As the state continues to push for a more environmentally sustainable economy, the Port of Long Beach remains steadfast in its mission to clean up operations. To that end, officials announced Thursday plans to construct a wind turbine staging and assembly facility within the port complex.
During his annual State of the Port address, Executive Director Mario Cordero announced the port’s Zero Emissions, Energy Resilient Operations Program, or ZEERO, which will invest in projects that will reduce impacts of operations and improve air quality.
“ZEERO is a major step forward,” Cordero said. “We are the first port to adopt a policy this far reaching.”
Part of the initiative is Pier Wind, which would be the largest facility specifically designed to accommodate assembly of offshore wind turbines at any U.S. seaport.
The project would help the state meet the California Energy Commission’s goals for offshore wind development. The port is spending $1 million to develop a conceptual design and construction assessment, which is expected to be completed in the spring, along with cost estimates.
The project would include creating up to 400 acres of new land for a terminal capable of handling heavy-lift crane operations. The area would be used to stage, store and construct the world’s largest floating offshore wind turbines, which would then be towed out to wind farms off the Central and Northern California coast.
“We are ready, willing and able to answer the call by the Biden-Harris administration for ways to increase sources of renewable energy,” Cordero said.
Port officials said Long Beach is an ideal location for such a project because it is adjacent to a deep and wide federal navigation channel, it is at the center of the nation’s supply chain, and it has access to the state’s largest manufacturing base and construction workforce, among other reasons.
The agency would seek state and federal loans and grants to pay for a portion of the project.
During his address, Cordero recounted numerous efforts by the port related to its move toward zero emissions by 2035. Last year, the port announced tens of millions of dollars in grants for electric trucks, channel deepening and the massive Pier B On-Dock Rail Support Facility, among other projects.
“The evolution of cutting-edge technology to accomplish our stated goals is a process,” Cordero said, “one that necessitates vigorous collaboration with the private sector, our regulatory agencies and our relevant stakeholders.”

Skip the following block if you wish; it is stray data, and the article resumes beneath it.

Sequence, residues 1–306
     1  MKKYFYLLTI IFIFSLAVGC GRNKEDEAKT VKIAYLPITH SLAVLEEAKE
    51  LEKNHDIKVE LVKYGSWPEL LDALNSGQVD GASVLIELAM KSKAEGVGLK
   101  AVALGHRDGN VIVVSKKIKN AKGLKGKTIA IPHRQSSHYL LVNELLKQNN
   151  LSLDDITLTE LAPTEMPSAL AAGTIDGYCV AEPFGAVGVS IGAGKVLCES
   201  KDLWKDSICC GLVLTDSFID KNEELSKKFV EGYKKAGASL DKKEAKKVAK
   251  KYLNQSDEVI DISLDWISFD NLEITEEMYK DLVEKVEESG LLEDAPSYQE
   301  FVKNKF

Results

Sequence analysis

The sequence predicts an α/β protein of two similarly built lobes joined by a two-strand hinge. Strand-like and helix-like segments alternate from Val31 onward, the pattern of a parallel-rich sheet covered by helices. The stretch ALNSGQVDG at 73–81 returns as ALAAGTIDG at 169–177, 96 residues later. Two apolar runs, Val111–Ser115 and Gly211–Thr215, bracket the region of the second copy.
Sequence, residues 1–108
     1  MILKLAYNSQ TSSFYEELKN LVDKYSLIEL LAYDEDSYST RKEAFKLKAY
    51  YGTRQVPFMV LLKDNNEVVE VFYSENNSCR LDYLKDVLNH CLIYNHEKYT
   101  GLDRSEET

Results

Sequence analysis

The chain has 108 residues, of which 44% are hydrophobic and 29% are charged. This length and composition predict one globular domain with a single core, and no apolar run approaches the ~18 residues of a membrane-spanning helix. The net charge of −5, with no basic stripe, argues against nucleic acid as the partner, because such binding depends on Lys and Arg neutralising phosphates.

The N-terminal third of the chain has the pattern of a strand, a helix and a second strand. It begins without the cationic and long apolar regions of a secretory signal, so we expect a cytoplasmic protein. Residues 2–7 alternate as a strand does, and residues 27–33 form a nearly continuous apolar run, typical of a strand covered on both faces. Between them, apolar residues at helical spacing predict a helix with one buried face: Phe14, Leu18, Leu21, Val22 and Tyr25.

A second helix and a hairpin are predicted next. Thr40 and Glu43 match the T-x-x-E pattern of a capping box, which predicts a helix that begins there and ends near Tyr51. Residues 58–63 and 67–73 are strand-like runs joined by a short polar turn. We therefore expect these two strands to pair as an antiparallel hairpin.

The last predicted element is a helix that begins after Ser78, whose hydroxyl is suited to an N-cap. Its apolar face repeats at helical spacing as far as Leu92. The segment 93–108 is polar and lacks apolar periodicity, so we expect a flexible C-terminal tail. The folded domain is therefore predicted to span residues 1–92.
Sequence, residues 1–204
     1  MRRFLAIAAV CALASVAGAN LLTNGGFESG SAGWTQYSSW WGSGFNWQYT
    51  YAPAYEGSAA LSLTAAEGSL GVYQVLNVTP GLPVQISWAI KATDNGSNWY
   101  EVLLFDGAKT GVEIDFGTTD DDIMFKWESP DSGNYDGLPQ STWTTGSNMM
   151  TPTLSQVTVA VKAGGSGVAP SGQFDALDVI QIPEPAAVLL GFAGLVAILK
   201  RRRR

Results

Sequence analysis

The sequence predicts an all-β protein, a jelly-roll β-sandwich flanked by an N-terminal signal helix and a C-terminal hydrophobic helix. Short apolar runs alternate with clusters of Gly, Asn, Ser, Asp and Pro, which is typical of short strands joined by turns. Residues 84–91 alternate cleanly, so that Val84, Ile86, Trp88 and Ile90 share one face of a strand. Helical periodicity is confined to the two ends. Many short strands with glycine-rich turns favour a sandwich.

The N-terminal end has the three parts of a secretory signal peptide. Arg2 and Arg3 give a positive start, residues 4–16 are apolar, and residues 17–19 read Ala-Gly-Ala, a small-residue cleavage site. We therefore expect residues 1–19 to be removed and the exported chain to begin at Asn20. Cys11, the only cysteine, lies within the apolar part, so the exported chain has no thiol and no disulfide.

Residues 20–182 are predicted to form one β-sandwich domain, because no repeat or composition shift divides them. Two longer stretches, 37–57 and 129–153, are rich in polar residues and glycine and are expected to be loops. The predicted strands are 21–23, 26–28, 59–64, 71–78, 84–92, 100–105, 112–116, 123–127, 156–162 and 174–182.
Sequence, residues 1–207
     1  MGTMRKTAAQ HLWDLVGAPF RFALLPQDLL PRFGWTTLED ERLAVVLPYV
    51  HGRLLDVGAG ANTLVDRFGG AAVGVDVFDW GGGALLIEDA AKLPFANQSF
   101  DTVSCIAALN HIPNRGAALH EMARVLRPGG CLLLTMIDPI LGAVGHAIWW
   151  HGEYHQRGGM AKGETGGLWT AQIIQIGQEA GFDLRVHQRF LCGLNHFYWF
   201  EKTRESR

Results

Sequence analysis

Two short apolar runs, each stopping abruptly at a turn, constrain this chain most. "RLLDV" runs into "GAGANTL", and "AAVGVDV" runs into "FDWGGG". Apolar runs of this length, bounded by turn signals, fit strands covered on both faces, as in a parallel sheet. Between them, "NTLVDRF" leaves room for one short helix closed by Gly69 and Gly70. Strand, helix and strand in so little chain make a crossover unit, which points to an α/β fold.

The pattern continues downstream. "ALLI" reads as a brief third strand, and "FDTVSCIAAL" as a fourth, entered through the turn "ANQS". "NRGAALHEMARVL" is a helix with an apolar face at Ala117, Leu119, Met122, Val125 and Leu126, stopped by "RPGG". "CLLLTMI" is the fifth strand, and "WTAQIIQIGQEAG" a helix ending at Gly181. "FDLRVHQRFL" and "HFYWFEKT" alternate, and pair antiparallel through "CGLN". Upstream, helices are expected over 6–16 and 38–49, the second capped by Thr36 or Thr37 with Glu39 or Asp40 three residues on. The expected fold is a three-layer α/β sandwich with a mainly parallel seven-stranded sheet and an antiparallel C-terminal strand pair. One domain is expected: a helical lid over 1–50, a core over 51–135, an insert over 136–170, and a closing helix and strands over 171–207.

Today, 17% of cargo-handling equipment at the port is zero-emission, more than any port in the United States, according to Cordero. The truck fleet operating at the port, meanwhile, emits 37% less particulate matter compared to 2005, he said. Cargo-handling equipment and trains emit 92% and 53% less particulate matter, respectively.
The San Pedro Bay ports’ Clean Truck Fee kicked off in April and has already generated over $30 million that will be reinvested in newer, cleaner trucks and infrastructure. At its peak, the fee is expected to generate $90 million between the two ports.
Last year was the Port of Long Beach’s second-busiest on record in terms of containers handled. Dockworkers moved a total of 9,133,658 20-foot-equivalent units (the standard measure of a shipping container), about 250,000 TEUs short of its all-time record set the year before.
Despite a strong year, the port lost its ranking as the second-busiest container seaport in the U.S. to the Port of New York and New Jersey, which had a banner year, moving 9,493,664 TEUs. This was the first time in the port’s 101-year history that it moved over nine 9 million TEUs.
Cordero congratulated the East Coast port during his remarks. He did, however, point out that the San Pedro Bay port complex, which includes the Port of Los Angeles, remains the top container gateway into the U.S. Having moved 1.5 million TEUs of loaded exports last year, Cordero also noted the Port of Long Beach was the top exporter for the second year in a row.
“Cargo volume is not the sole metric of success for the Port of Long Beach,” Cordero said. “Rather, how we serve our customers, contribute to our local community, mitigate the impacts to our neighborhoods and serve our labor force—these are important metrics. Given our success and leadership in these areas, the Port of Long Beach is No. 1.”
Editor’s note: This story has been updated to correct the percentage of cargo-handling equipment at the port that is currently zero-emission.